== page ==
While many are familiar with the concept of eddy current testing (ECT), the nondestructive electromagnetic testing technique, eddy current array (ECA) is generally less understood.
The easiest way to think of ECA is that it is the next generation of such testing and naturally offers some new features.
What Are ECA & ECT?
Both techniques are most commonly used to inspect equipment made from nonferromagnetic materials. It can be used for surface applications, such as welds, and for tube testing, such as condenser tubes and reformer tubes. Whereas ECT consists of a single element, ECA technology uses multiple eddy current coils arranged side by side in the same probe assembly.
Each coil produces a signal relative to the phase and amplitude of the structure being tested and this data is recorded. This is then referenced to an encoded position and time and represented as a C-scan image.
To prevent the risk of suboptimal results, the coils are activated and deactivated in specific sequences—a process known as “multiplexing.” This leverages the width of the probes, minimizes interference and maximizes the resolution of the probe.
The Benefits of ECA
ECA can carry out the same flaw-detection techniques as virtually all other eddy current methods. It is a nondestructive flaw-detection method, and—like ECT—is quick, simple and reliable in exposing defects in a surface, or near the surface, of the material being tested.
ECA offers the following additional advantages:
- rapid testing from the ability to cover a larger surface area in a single pass
- improved detection abilities and more consistent results from high resolution maintained while scanning a large area
- suited for scanning complex shapes, as the probes can be customized to the profile of the part being inspected, or shaped to access hard-to-reach areas
- reduced need for complex robotics to move the probe
- improved flaw detection, thanks to the C-scanning imaging
- displayed data in 2D or 3D
- improved reliability and probability detection
Eddy current array can be used for both the detection of corrosion and to measure the thickness of steel. The technology is used in the inspection of a diverse range of operational structures, such as piping systems, storage tanks, vessels and columns. As with all other eddy current methods, the technique operates under the principle of electromagnetic induction.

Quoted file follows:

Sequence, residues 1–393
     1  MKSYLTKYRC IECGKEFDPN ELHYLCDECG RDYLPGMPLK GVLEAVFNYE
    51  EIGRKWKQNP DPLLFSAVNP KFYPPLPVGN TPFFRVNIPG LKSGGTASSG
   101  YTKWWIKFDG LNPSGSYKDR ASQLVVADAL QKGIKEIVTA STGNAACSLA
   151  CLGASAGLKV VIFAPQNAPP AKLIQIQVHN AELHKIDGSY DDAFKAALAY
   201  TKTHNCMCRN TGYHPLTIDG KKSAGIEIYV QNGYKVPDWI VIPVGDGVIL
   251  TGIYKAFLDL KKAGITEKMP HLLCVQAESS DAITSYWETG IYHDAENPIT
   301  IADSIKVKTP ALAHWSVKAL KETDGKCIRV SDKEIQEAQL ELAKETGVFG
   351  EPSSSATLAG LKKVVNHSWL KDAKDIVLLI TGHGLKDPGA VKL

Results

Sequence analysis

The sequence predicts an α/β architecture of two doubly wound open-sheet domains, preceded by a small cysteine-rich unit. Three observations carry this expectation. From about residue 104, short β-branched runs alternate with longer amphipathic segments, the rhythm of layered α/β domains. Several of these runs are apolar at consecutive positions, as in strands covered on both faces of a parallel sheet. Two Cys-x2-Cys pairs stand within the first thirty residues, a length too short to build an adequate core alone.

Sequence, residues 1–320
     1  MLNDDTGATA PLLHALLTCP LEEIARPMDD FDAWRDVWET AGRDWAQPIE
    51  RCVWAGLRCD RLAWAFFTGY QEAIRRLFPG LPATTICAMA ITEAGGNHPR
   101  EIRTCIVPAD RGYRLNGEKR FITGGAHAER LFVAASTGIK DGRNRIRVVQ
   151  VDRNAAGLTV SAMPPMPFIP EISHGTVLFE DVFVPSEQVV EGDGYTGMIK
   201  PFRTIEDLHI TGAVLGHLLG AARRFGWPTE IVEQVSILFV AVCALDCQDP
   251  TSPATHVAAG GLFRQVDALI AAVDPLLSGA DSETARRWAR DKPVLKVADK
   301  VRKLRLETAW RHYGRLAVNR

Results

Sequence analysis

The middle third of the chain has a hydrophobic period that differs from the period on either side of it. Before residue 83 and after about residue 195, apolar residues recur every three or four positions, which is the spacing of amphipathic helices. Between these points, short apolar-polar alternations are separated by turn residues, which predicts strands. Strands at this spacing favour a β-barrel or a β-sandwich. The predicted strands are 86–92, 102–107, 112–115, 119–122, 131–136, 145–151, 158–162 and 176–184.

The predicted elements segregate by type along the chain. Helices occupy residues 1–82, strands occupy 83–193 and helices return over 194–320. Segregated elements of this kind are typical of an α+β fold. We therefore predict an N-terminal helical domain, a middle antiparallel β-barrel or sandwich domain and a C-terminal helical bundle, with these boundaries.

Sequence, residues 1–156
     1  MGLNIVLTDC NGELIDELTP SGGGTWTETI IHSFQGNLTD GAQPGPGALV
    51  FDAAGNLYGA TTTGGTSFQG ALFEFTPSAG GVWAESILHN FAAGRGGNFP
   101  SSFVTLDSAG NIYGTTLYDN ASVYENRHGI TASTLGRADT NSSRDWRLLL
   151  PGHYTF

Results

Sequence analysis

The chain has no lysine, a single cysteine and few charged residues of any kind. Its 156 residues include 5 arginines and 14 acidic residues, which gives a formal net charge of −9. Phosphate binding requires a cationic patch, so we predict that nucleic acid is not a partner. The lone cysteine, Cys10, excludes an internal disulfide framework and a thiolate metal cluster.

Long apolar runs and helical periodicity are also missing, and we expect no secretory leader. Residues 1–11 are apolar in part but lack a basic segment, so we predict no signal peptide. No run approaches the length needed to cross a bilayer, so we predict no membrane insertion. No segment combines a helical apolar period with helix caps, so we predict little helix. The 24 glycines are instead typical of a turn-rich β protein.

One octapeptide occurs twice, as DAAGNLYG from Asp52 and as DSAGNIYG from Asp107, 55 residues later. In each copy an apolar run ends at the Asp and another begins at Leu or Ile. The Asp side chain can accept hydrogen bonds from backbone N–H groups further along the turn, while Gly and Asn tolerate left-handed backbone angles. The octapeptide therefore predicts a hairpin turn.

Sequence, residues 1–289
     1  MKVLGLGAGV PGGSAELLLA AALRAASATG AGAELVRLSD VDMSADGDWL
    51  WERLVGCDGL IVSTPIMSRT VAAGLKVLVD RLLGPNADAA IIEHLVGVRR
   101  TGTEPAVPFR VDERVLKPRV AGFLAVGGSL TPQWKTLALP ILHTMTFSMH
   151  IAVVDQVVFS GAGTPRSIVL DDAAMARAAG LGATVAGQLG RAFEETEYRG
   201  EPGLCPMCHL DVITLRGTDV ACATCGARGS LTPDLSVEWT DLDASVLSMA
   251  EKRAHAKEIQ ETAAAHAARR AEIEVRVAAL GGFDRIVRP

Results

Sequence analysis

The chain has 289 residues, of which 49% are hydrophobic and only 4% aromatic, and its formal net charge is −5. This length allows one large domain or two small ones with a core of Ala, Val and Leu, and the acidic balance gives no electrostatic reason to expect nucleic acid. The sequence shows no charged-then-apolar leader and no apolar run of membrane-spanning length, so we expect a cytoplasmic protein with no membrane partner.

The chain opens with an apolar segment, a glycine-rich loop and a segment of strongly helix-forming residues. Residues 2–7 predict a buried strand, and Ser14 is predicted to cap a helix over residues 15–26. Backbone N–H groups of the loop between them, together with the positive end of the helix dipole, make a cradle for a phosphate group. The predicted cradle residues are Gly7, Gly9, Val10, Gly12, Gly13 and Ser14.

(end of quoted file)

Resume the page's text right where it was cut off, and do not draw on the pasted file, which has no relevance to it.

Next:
The most benefits are achieved when ECA is included within a regular annual maintenance schedule.
The mechanism of tracking flaws allows the earliest detection of microscopic weaknesses—a major advantage when it comes to the protection of valuable assets.
The testing provides an effective early warning system that maintenance planners can use to put in place a response strategy. This might include:
- monitoring cracks, erosion and faults
- preplanned maintenance work/repairs
- fast-tracking any flaws that might have increased in scale over a predetermined time scale
- a decision to carry out maintenance work in the near future to prevent expensive and/or unexpected equipment or asset failure
- ECA in inspection kits, including portable options, present a number of advantages for applications that require rope or scaffolding access, long-weld inspections and any application of an asset that is in service.
The ability to reduce inspection times and record additional data has far-reaching implications within industries such as oil and gas, aerospace and power generation.